Shakespeare's tragedy, Macbeth, analyzes the tragic downfall of a man who pursued his prophecy given to him by three witches, and suffered the downfall because of it. Told his power was inevitable, Macbeth explores the idea of murdering the King to achieve his goal of becoming King himself. Macbeth continually faces this, contemplating the moral issue of committing murder to in turn, fulfill his powerful destiny. While facing this internal conflict, Lady Macbeth developes an influence over Macbeth as well. Driven by her own desire to be Queen, Lady Macbeth persuades Macbeth to commit the murder, by challenging his manhood and often reminding him that it is, in fact, his destiny. We see the two counter each other’s claims throughout this as
He goes from being a loyal soldier to a cruel tyrant killing all of his enemies. In the beginning of the play he is presented as a loyal soldier to King Duncan and he is widely respected and admired by people. It can seem questionable as to why Macbeth is an antagonist when he has the trope of a hero. Despite that image, his inner thoughts begin to reveal themselves, showing another side to Macbeth that people don’t know about. Macbeth soon admits to his dark lust for power and status beyond his capability. At first these thoughts remain hidden, but when the witches approach him with their predictions his desires reform his character. The witches wait for Macbeth and tell him series of predictions. The specific prediction, “All hail, Macbeth, that shalt be king hereafter!” (1.3.51) causes Macbeth’s desire to become more intensified. Their prediction that he would become king brings a change in his character. The audience can now see his desires as well as his ambition. At this point, Macbeth is still hesitant of revealing his true nature, but the audience gets a peek of what he yearns for. In addition, the witches’ predictions are known to be paradoxical, their predictions are never straightforward; they tend to have different interpretations. Macbeth kills King Duncan to obtain the power he was told he’d get. Despite that, the witches never said to kill King Duncan; they told him he would become king. Macbeth’s true character reveals his natural cruelty when Lady Macbeth persuades him to kill Duncan for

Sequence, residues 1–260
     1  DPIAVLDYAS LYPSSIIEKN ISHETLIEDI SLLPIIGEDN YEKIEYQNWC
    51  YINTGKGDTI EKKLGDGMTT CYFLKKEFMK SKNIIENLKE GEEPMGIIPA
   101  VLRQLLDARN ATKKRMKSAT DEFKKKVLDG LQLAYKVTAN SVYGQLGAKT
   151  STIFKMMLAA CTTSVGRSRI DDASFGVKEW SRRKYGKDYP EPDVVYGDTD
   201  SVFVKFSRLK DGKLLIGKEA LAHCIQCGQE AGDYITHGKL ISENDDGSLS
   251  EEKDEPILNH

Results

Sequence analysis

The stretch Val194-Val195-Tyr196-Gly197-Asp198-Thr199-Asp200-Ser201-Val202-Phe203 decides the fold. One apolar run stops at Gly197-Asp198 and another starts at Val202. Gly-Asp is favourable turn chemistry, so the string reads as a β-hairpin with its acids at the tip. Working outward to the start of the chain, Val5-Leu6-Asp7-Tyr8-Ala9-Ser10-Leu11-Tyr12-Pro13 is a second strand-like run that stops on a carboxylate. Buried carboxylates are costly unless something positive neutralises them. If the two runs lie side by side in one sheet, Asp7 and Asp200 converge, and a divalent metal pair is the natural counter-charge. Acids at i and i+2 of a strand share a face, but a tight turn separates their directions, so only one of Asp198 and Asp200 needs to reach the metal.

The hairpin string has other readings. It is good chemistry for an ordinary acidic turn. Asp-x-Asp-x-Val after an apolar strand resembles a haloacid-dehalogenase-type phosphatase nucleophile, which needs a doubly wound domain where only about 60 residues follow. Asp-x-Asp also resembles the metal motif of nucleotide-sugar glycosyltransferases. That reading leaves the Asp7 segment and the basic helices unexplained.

Fate, destiny, prophecy all important pieces of tall tales, stories, and legends, that give everything and everyone an unchangeable path. In the play, Macbeth by William Shakespeare, the lives of man are once more played to the tune of a mischievous master. Though throughout the tale, Macbeth seemingly has free will, but in the end, realizes that he was just a pawn in someone’s game to be thrown away at a moment’s notice. As shown throughout the Book many times the witches tell Macbeth of his demise showing that he had truly no control of what was to come. In this case as in all cases the creator is at fault for creating Macbeth to bring horror, pain, and death to all those he betrayed.